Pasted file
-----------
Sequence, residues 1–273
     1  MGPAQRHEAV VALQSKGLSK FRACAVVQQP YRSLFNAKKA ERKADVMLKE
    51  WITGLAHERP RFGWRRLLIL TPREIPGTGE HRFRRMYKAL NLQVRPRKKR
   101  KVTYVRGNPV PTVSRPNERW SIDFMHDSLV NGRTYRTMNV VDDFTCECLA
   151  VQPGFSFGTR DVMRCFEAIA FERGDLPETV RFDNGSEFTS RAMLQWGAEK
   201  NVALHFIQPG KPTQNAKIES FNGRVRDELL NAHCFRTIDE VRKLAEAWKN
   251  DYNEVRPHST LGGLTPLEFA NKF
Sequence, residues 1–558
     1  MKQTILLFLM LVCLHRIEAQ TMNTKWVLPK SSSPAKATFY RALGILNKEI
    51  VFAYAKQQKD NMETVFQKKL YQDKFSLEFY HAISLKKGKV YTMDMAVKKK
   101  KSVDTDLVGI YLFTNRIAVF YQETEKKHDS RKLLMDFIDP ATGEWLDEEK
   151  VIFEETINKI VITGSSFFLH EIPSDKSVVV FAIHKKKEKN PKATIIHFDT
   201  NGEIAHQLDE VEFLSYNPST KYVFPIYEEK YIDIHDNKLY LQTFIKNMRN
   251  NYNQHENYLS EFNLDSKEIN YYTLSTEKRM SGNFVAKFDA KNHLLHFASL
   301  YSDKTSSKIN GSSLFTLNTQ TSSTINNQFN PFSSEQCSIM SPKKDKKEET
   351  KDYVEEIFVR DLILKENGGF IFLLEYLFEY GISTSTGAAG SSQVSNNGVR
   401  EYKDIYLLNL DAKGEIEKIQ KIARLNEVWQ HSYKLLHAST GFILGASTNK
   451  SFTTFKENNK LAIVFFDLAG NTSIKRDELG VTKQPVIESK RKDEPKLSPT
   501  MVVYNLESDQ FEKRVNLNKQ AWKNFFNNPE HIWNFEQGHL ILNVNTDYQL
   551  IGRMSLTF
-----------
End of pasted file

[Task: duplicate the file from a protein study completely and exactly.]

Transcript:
Sequence, residues 1–273
     1  MGPAQRHEAV VALQSKGLSK FRACAVVQQP YRSLFNAKKA ERKADVMLKE
    51  WITGLAHERP RFGWRRLLIL TPREIPGTGE HRFRRMYKAL NLQVRPRKKR
   101  KVTYVRGNPV PTVSRPNERW SIDFMHDSLV NGRTYRTMNV VDDFTCECLA
   151  VQPGFSFGTR DVMRCFEAIA FERGDLPETV RFDNGSEFTS RAMLQWGAEK
   201  NVALHFIQPG KPTQNAKIES FNGRVRDELL NAHCFRTIDE VRKLAEAWKN
   251  DYNEVRPHST LGGLTPLEFA NKF
Sequence, residues 1–558
     1  MKQTILLFLM LVCLHRIEAQ TMNTKWVLPK SSSPAKATFY RALGILNKEI
    51  VFAYAKQQKD NMETVFQKKL YQDKFSLEFY HAISLKKGKV YTMDMAVKKK
   101  KSVDTDLVGI YLFTNRIAVF YQETEKKHDS RKLLMDFIDP ATGEWLDEEK
   151  VIFEETINKI VITGSSFFLH EIPSDKSVVV FAIHKKKEKN PKATIIHFDT
   201  NGEIAHQLDE VEFLSYNPST KYVFPIYEEK YIDIHDNKLY LQTFIKNMRN
   251  NYNQHENYLS EFNLDSKEIN YYTLSTEKRM SGNFVAKFDA KNHLLHFASL
   301  YSDKTSSKIN GSSLFTLNTQ TSSTINNQFN PFSSEQCSIM SPKKDKKEET
   351  KDYVEEIFVR DLILKENGGF IFLLEYLFEY GISTSTGAAG SSQVSNNGVR
   401  EYKDIYLLNL DAKGEIEKIQ KIARLNEVWQ HSYKLLHAST GFILGASTNK
   451  SFTTFKENNK LAIVFFDLAG NTSIKRDELG VTKQPVIESK RKDEPKLSPT
   501  MVVYNLESDQ FEKRVNLNKQ AWKNFFNNPE HIWNFEQGHL ILNVNTDYQL
   551  IGRMSLTF